In a continuous process, some 75% of these silanol groups can be chemically reacted with dimethyl dichlorosilane, the resultant product having about 0.7 millimol of chemically combined methyl groups per 100 square meters of surface area. The silica when thus reacted becomes hydrophobic and behaves differently in organic liquids from the hydrophilic material. For this purpose, freshly obtained hydrophilic silica is separated from the bulk of the hydrochloric acid formed in the flame hydrolysis. Then, this silica, dimethyl dichlorosilane, and steam are pneumatically fed in parallel flow into a fluidized bed reactor heated to about 400 C. by means of an inert gas such as nitrogen. Besides the chemical reaction of the chlorosilane with the silanol groups of the surface, the desorption of the hydrochloric acid resulting from the reaction takes place in the reactor in a continuous stream, so that there is an analytically assessable chlorine content of below 0.03%. The main quantity of hydrochloric acid is removed from the freshly manufactured SiO2 and the material does not yet contain any absorbed water. Moreover, siloxane bridges still exist on the surface of the particles, these having formed at the high temperatures used in the process. These bridges break up in the presence of water vapor and chlorosilane in the reaction zone, whereupon the reaction can take place in the nascent state of the silanol group formation.

Analytical data and moisture absorption data of hydrophobic silica are given in Tables 1 and 2 respectively.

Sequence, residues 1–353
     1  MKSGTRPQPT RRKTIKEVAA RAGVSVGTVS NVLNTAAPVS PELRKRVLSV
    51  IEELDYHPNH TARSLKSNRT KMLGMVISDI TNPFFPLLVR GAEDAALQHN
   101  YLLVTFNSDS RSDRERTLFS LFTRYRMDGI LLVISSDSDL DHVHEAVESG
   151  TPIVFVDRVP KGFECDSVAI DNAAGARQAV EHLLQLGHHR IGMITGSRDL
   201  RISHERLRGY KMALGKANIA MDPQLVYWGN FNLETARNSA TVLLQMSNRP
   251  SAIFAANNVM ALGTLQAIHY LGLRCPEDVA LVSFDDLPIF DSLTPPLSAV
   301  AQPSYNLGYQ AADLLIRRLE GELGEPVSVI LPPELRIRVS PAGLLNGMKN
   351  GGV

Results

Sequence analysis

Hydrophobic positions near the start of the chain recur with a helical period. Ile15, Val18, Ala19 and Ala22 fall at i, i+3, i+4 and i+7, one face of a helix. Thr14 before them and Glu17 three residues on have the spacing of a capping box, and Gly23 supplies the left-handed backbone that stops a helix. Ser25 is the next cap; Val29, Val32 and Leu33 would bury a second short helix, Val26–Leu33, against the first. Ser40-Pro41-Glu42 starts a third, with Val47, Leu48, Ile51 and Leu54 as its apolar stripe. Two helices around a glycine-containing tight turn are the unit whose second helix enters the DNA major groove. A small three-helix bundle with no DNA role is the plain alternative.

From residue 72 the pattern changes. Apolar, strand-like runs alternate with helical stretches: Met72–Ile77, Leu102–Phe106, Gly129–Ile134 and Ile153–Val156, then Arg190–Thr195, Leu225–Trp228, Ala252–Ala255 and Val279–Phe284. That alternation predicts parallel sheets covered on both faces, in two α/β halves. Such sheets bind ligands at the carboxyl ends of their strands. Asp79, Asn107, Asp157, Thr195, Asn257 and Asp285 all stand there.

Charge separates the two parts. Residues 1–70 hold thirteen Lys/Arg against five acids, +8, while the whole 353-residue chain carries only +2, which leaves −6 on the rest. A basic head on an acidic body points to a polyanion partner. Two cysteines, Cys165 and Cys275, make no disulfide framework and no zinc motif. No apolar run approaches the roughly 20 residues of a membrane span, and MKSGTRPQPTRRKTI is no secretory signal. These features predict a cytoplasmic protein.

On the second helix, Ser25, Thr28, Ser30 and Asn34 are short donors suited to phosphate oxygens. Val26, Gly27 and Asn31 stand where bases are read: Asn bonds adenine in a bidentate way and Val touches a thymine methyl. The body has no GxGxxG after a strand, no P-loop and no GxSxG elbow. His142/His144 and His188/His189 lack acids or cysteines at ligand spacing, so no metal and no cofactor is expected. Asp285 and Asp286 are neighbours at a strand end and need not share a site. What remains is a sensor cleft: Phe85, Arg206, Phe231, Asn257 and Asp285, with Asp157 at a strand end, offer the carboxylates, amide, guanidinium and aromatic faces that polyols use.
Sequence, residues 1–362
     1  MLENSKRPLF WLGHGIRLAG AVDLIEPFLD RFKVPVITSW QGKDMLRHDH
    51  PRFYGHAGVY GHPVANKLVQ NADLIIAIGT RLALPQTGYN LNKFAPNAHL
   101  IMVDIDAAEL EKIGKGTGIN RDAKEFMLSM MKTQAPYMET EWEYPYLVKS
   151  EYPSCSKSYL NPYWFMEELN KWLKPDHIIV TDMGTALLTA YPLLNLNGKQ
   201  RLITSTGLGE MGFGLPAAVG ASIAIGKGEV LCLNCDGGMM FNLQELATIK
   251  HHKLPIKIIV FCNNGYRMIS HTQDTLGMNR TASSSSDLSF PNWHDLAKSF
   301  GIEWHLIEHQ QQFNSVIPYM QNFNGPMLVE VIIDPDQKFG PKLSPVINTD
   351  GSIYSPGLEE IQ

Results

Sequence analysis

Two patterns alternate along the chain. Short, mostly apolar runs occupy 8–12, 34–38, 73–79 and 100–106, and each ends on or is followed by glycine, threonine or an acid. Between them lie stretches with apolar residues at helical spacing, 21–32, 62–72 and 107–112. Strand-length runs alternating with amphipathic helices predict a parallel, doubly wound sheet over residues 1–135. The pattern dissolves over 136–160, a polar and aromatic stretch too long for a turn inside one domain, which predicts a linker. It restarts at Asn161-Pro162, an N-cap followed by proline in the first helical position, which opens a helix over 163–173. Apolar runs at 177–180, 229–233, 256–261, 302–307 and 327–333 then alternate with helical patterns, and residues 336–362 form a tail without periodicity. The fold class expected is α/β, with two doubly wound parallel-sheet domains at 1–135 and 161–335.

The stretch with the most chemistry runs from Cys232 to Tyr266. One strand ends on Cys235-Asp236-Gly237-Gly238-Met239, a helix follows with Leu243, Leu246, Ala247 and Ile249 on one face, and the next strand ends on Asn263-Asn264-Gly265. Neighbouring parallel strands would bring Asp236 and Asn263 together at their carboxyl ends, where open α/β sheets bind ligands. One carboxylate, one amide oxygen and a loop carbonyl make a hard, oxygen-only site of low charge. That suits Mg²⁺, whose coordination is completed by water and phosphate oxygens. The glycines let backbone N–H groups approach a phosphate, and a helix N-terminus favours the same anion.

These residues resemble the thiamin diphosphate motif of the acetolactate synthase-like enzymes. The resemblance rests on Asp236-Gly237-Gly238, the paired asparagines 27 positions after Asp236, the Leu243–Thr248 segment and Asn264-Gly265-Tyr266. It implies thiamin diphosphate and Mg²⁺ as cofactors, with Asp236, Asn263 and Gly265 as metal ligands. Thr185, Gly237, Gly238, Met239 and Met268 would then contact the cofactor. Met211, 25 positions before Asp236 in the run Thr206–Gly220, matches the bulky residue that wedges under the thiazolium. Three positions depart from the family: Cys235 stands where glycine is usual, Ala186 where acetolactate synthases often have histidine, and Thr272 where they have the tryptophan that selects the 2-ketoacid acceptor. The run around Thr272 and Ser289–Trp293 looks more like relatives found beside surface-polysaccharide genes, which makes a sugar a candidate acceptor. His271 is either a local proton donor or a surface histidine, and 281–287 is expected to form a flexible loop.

TABLE 1______________________________________Analytical Data on Hydrophobic AEROSIL R 972______________________________________SiO2 + (--CH3)                  99.8%Surface area(acc. to Bruneuer, Emmet & Teller)                  120  30 m2 /gAverage particle size  20  10-7 cmCarbon                 1.1  0.2%pH value (4% dispersionmethanol/water 1:1)    3.8  0.2%Chlorine content       0.04  0.01%Heavy metals           0.003%As                     0.0001%Fe2 O3       0.003%Al2 O3       0.05%TiO2              0.03%Na2 O             0.01%Bulk density           about 40-60 g/lCompacted volume       about 10 ml/g .______________________________________

              TABLE 2______________________________________Moisture Absorption in mg/100 m2Relative air humidity in %             20    40      60   80______________________________________Hydrophilic silica             1.3   4.0     10   30Hydrophobic silica             0.3   0.4     0.9  1.5.______________________________________

2,3-Bornanedione and Ethyl-4-dimethyl amino benzoate are exiplex-forming photo initiators. Other suitable photo initiators include:

2,3-Bornanedione with ethyl-2-dimethyl amino benzoate

Benzil with ethyl-4-dimethyl amino benzoate

Benzil with ethyl-2-dimethyl amino benzoate

2-Isopropyl thioxanthone with ethyl-4-dimethyl amino benzoate

2-Isopropyl thioxanthone with ethyl-2-dimethyl amino benzoate